BOSSES at Burton’s Queen’s Hospital have refuted accusations that staff were being asked to use annual leave to break up 10 day shift patterns.
A member of staff from the Belvedere Road site contacted the Mail claiming that employees were being asked to use their own holidays to help the hospital put an end to long periods of work.
This comes after the recent published Keogh report into major failings at the hospital highlighted the fact that many workers reported regularly working very long shifts.
Brendan Brown, director of nursing at Burton Hospitals NHS Foundation Trust, said “It is not our policy to ask staff to use annual leave to achieve this.
“There are occasions when nursing staff do work a stretch of ten days in a row.
“However, these are short, not twelve hour shifts, and relate to shift requests made to us by members of staff or based upon clinical requirements.
“Processes are already in place to ensure these stretches are compliant with working regulations.
“This practice occurs across the country in most hospitals.”
Hospital chiefs also announced that plans are being discussed in an effort to try and alter shift patters for staff at Queen’s.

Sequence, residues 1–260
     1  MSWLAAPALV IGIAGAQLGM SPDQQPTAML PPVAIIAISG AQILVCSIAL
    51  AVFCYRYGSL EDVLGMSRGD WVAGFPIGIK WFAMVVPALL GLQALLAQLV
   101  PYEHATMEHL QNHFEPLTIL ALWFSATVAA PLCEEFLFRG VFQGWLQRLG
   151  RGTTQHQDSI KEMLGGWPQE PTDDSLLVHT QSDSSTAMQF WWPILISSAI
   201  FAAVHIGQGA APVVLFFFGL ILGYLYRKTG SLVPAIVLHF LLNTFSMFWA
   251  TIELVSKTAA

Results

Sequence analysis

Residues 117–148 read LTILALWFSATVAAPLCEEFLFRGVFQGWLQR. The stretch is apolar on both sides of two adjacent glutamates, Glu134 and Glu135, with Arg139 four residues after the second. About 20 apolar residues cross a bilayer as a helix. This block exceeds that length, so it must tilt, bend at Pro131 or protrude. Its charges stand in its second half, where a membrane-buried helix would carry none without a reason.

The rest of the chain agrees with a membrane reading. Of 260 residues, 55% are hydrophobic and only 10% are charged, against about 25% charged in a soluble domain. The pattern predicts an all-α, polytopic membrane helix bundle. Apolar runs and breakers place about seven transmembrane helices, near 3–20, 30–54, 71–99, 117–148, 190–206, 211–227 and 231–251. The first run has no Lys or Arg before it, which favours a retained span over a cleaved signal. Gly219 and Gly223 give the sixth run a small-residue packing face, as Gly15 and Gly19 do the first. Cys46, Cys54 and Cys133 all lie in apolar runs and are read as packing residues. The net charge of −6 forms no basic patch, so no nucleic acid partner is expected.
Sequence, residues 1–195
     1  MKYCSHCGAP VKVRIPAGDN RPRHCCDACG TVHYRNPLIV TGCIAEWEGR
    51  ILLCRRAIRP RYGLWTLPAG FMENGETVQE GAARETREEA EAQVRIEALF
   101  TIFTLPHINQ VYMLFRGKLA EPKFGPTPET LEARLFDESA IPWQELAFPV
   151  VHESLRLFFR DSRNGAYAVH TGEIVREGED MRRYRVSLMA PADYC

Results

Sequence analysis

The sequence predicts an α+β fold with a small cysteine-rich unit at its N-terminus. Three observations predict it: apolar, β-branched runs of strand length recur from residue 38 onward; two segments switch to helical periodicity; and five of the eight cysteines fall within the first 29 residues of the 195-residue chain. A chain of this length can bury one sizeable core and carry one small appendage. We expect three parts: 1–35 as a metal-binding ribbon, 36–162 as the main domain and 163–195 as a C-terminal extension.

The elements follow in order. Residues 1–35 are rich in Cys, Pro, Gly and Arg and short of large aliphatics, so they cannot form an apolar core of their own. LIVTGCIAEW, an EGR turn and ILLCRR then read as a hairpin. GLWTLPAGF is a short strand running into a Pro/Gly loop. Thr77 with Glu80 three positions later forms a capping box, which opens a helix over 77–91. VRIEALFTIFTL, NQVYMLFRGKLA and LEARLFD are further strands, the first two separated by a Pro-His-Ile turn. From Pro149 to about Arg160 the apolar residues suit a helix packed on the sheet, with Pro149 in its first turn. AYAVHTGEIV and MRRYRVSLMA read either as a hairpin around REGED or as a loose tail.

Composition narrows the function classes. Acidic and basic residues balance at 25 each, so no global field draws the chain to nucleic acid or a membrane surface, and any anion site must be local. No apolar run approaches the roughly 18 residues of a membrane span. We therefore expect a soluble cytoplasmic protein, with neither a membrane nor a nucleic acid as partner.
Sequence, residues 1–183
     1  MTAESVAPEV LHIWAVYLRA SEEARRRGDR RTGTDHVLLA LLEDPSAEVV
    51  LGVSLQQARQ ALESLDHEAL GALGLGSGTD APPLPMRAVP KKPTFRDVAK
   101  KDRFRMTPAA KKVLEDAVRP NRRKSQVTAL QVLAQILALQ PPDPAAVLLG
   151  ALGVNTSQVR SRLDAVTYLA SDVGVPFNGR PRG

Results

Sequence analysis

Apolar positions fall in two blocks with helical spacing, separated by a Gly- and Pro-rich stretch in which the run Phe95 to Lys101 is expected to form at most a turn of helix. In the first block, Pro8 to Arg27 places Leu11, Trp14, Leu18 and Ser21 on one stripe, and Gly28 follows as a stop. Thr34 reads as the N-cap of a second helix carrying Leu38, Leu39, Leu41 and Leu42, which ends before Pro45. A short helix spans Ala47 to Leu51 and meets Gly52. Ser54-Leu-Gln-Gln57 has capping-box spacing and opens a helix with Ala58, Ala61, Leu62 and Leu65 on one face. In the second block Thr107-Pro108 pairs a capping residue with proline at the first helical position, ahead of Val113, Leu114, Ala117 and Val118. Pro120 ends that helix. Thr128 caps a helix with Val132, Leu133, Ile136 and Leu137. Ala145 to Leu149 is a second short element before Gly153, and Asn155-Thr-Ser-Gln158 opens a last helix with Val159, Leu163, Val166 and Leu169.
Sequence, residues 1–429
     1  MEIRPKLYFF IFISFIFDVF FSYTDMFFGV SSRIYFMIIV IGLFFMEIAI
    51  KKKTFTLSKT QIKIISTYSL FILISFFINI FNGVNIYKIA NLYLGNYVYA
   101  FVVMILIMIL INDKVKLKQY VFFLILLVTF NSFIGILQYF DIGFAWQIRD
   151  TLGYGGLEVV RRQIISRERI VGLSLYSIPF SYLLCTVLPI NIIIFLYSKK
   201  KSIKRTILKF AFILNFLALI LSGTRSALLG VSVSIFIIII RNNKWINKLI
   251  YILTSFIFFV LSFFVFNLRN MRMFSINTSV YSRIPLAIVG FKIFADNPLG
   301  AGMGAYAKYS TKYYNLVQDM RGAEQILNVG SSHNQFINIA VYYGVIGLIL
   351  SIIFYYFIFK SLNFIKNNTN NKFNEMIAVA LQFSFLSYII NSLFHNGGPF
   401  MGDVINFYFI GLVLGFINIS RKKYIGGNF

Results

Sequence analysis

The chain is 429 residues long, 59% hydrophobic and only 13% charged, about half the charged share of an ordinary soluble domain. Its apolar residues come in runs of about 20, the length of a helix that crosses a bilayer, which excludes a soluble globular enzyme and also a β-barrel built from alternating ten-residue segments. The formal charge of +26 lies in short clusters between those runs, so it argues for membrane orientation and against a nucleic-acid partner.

Mr Brown added: “As a trust, we are now in consultation with our nursing staff regarding the introduction of a new shift pattern, as already agreed in response to feedback from staff.”
Last month, The Keogh report into mortality rates within the trust pointed to a wholesale lack of understanding about the quality of care as well as a culture of clinical decisions being made by those who were not qualified to do so.
Queen’s Hospital in Burton was placed into special measures by the Government, in a bid to ensure that the bad practice uncovered is not allowed to continue.
The investigation was launched in the aftermath of the Mid-Stafford Hospitals scandal, which saw the Francis report uncover evidence of serious failings within the hospital, which led to the unnecessary deaths of patients.